And because it’s for free, we don’t really value it because it’s perceived value is zero. But I think that if you can utilize that, you can literally become an expert in any field you want. And we’ve never had that. We are the first generation where we’ve been able to do that.

We really have no excuse. Like any problem that you have in your life, you can literally just Google it and find the answer. So, I think self-education. And also using the 1% rule when it comes to self-education. So, if you pick a topic, whatever topic you wanna become an expert in, whether it’s productivity, going to the gym, boxing, whatever.

Just consuming educational content every single day and making it a habit. Meaning that when you sit down to eat, you don’t turn on Netflix and watch, I don’t know, keeping up with the Kardashians, but instead you watch a documentary, right? Or you watch an educational YouTube video, and it’s those small habits that you implement and infuse into your life every single day…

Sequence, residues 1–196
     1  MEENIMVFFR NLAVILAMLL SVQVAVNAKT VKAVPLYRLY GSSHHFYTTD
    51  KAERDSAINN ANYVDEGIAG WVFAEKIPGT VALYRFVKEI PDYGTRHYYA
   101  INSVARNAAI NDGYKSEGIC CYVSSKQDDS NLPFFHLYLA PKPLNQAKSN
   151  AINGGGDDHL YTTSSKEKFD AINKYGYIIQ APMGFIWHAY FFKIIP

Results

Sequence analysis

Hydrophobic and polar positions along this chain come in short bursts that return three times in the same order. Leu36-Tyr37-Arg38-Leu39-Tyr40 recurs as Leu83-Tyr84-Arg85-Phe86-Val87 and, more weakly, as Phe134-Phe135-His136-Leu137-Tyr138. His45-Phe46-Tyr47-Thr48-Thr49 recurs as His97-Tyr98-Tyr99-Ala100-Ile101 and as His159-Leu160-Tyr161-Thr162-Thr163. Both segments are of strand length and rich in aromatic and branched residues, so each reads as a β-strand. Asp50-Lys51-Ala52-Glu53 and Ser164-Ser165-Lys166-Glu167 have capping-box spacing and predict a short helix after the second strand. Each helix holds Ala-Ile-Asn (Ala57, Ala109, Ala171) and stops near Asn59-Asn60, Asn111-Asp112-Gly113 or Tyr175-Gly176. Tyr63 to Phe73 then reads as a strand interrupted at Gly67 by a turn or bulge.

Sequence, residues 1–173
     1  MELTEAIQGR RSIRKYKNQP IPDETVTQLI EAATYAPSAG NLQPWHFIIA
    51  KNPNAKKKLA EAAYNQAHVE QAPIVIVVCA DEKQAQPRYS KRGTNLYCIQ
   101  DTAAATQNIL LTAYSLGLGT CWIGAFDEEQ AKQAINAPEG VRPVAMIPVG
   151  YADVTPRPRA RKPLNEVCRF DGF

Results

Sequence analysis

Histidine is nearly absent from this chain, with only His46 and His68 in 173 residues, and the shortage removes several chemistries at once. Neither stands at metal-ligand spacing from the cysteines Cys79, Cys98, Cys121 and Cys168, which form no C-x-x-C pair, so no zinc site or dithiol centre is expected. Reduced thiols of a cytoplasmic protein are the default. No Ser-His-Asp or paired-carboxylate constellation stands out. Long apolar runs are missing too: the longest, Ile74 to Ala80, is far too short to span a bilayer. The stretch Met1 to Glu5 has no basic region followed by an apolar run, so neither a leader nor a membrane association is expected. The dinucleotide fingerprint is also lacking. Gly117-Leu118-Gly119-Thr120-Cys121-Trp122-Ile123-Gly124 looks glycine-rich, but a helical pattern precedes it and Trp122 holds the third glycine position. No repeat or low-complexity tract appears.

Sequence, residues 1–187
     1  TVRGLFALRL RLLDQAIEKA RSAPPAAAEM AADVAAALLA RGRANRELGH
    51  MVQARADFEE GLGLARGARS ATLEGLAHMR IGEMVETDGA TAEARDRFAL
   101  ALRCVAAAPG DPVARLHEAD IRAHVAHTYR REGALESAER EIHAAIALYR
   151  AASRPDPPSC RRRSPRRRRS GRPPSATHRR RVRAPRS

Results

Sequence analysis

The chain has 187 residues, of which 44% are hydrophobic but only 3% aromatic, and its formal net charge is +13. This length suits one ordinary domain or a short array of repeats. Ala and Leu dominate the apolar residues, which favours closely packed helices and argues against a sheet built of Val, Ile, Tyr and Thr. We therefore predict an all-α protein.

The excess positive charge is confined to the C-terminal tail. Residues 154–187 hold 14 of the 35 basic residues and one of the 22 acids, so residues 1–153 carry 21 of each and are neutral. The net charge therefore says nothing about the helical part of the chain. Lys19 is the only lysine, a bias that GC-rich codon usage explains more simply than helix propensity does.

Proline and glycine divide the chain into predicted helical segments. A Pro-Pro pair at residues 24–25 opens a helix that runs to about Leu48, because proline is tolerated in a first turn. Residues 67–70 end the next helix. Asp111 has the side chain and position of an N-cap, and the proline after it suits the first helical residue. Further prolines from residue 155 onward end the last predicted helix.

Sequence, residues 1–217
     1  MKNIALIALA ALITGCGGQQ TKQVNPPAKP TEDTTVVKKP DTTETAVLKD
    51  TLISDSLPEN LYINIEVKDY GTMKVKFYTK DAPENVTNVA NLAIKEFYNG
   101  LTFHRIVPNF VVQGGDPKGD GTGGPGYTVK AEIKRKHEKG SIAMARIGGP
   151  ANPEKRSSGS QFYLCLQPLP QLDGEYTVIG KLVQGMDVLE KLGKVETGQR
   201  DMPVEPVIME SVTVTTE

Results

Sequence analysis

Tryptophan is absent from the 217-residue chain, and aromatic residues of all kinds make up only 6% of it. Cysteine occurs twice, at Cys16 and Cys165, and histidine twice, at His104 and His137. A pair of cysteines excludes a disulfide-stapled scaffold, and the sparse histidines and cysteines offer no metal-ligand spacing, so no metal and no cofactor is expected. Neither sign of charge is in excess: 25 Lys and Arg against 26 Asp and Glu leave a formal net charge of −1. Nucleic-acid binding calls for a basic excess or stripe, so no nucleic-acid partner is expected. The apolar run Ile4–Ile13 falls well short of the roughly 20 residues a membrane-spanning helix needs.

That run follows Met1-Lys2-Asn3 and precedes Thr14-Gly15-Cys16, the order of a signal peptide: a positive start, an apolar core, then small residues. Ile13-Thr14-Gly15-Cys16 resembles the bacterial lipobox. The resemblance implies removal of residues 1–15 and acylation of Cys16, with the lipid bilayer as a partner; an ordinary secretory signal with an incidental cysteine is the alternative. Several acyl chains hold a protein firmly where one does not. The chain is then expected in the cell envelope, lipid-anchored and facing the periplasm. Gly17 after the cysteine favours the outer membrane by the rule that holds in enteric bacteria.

It will change your life. I really do believe that, and so self-education is my number one kind of personal development strategy because essentially, it’s unlimited, right?

[00:21:03] Wesley Jackson: Thank you to our guest, Mike Dee.

Mike works full-time producing content for his YouTube channel and online courses, which can be found on Udemy, Skillshare, and Kajabi. He focuses on productivity and helping other people significantly increase their output. You can find his latest work on projectelon.com.

I found his productivity algorithm on there to be really thorough, we highly encourage you to check him out if you’re interested in learning more about how to supercharge your productivity to build a more successful life.